Thom's writing hits the mark in almost every way I want to see on the page. This short story collection exemplifies the man's skill, full of raw power and precision, careful craftsmanship and strong executions.

When it came to the individual stories though, some fell flat for me, while othe
Jan 13, 2008 Jim rated it 4 of 5 stars  ·  review of another edition
Recommends it for: Thom Jones & Hubert Selby Fans
Thom Jones writes unique tales with a lot of power. This may be a disappointment for readers of A Pugilist At Rest. This book hits a much wider array of subjects. The common reviewer states that Thom writes what he knows about Boxing, Military Vietnam Vets, Mental Hospitals, Janitors, and Elipeptics. Thom assualts the reader with an incredible power. Some of the stories have redemption. What is interesting and flawed about his writing is how he cross-references decades, seemingly intentionally, ...more
With each story as interesting as the next, it's hard to drop this book. The settings change constantly: Mexico, Vietnam, Hawaii, psych ward, boxing ring, apartment-turned-mouse laboratory; the characters, though many are unique to their setting, are all displayed with human characteristics. There is violence throughout, especially in the first few stories, but Jones writes in a way that doesn't over-glorify it. Key stories: "You Cheated, You Lied," "I Love You, Sophie Western," "A Midnight Clea ...more
Andrew Brown
Thom Jones is clearly a subscriber of writing what he knows, so prepare yourself for a lot of stories about boxing, poor mental health, and military service, some of which can teeter dangerously close to cliches. The sheer number of them can make the limited number of topics rather tedious as well. A competent collection nonetheless, with the eponymous story a particular standout.
Jones knocked me on my ass when I read The Pugilist at Rest, especially the title story. Here, though, I find that the man has jumped the shark a bit, down to a Pugilist recap in "My Heroic Mythic Journey." "Mouses" was a stunning story, and alone is worth getting a hold of the book for, but a lot of other stories had me literally writing "Oh, stop" in the margin.
I liked The Pugilist at Rest better, but this is still pretty good stuff. Maybe even a bit more optimistic than the other. Still, it's all fairly butch stuff: boxers, Vietnam, low-paying jobs, maladjusted veterans, drug use and casual cruelty. Best read in small doses, perhaps, like a strong cheese or something.
Bronco Billy
Très déçu. J'en attendais beaucoup, avec toutes les bonnes critiques et c'est assez décevant. La première nouvelle du recueil est excellente, le reste pas trop mal écrit mais sans trop de fond. Ça fait le malin, mais ça reste peu subtil et surtout très vain (cf la dernière nouvelle).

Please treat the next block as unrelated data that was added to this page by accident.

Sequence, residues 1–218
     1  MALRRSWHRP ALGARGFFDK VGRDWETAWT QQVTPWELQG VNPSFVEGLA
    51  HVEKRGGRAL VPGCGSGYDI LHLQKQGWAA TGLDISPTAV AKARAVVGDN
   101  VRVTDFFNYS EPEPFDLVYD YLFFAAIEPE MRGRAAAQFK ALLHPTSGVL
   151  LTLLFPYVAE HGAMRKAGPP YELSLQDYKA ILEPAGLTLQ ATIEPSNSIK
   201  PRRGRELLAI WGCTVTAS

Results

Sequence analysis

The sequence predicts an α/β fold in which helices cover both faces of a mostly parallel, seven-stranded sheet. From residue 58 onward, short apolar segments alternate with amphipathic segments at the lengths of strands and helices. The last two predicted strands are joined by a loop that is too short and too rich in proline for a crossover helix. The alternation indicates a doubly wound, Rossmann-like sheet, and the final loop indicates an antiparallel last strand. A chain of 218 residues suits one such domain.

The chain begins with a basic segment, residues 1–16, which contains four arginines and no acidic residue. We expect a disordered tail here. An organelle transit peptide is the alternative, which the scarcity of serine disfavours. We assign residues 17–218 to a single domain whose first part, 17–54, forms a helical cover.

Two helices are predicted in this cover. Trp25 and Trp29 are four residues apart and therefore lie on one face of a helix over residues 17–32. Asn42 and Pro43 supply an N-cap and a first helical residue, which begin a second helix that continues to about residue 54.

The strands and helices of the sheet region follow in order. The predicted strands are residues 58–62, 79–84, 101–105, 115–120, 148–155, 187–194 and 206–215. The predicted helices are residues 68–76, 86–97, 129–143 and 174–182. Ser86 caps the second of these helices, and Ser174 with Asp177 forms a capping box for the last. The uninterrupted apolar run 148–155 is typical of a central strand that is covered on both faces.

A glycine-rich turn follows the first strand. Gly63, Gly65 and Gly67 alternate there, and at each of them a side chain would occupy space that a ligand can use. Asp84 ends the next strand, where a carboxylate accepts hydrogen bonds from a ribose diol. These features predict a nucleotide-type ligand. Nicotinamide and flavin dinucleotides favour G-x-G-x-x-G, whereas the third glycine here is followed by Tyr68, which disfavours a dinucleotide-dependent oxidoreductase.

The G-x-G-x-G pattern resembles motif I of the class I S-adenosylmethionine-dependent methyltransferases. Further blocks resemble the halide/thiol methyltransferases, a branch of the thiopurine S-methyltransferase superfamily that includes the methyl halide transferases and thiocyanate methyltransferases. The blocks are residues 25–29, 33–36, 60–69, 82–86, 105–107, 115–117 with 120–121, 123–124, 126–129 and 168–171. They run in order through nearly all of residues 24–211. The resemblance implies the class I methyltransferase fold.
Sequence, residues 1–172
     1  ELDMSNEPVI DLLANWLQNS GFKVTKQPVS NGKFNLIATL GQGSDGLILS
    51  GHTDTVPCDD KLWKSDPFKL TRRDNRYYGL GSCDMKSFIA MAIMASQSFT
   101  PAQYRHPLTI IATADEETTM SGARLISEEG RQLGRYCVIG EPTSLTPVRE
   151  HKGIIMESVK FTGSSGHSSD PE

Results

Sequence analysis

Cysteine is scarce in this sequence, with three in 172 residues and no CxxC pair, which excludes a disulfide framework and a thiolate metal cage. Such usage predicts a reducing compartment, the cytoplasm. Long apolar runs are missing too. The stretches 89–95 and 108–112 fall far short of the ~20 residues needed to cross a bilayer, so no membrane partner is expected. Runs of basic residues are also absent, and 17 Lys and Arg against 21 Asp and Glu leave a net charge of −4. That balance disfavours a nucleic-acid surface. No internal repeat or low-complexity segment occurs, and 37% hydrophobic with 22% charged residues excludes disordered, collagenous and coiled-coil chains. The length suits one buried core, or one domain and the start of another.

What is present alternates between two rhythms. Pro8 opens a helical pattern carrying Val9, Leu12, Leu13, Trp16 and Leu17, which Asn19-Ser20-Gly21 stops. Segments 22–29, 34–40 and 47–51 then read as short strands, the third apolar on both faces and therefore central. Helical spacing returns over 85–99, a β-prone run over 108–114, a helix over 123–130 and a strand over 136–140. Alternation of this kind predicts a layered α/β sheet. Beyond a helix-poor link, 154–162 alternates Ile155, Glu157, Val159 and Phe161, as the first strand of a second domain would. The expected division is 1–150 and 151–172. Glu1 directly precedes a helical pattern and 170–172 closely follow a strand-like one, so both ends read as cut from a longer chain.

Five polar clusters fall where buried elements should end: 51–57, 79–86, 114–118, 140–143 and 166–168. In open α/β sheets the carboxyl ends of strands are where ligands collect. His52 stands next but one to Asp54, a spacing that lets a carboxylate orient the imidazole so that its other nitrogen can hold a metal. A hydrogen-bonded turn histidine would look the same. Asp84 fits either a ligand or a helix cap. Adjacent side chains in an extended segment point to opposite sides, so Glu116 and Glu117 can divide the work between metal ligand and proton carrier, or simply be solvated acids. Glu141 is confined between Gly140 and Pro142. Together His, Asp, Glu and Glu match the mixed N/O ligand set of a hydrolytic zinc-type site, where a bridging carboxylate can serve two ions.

Ben Brackett
Thom Jones has this ability to just smash you with his language. This collection felt a little more contemporary than the last one I read by him, and some of the stories felt less like gritty reality, but still really enjoyable in the cadence of the interaction and narration.
I've been trying to "get" the Thom Jones thing and after 'Cold Snap' and 'The Pugilist at Rest' I finally "got" it with This !! Absolutely amazing the journeys he takes you on in these short stories !
the war writing's terrible. and a couple of the other stories are weak. but there a handful of super stories. as good as anything written these days. especially the crazy long one that ends the collection.
Gregory Pierce
It was difficult to get into the first few stories, simply because I lack interest in war stories and boxing. However, once I delved into everything beyond that, I loved the stories.
Adam Cogbill
I wasn't as blown away by Sonny Liston as I was by The Pugilist at Rest...but the ones that are good in here are REALLY good--"Mouses" and "Tarantula," in particular.

cras culture
I'm putting this on indefinite hold. Didn't grab me like his other collection "The Pugilist at Rest." Ah! "The Pugilist at Rest", what a fantastic book!
Matt Reese
One of my faves. All of Jones's works speak to me. They are visceral and full of humor. The subject matter, boxing etc. is right up my alley.
There are a couple of mercilessly funny stories in this collection which makes it well worth buying, stealing, or checking out of the library.
Dec 02, 2007 James rated it 5 of 5 stars  ·  review of another edition
Recommends it for: Everyone
Tarantula was my favorite story, but the others were great also. I read this while traveling in Europe; not that it matters any.
The words "looked up at Wesley with sheep eyes and he swallowed" haunt me to this day.
Jon Henry
Great collection of vivid short stories. great if you don't have a lot of time to read.
Paul Harris
Excellent collection from one of the best modern short-story writers around.
A return to form...and a return to more boxing and Vietnam tales.
Scott E
3, 3, 3, 2-, 2-, 2-2+, 1, 2+, 2-2+, 2+, 2+, 2+
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Thom Jones (born January 26, 1945) is an American writer, primarily of short stories.

Jones was raised in Aurora, Illinois, and attended the University of Hawaii, where he played catcher on the baseball team. He later attended the University of Washington, from which he graduated in 1970, and the Iowa Writers' Workshop at the University of Iowa, from which he received an M.F.A. in 1973.
Jones traine
More about Thom Jones...
The Pugilist at Rest Cold Snap Anna Gaskell The Giants of the Baroka Valley (The Guardians of Elestra) The Dark City: The Guardians of Elestra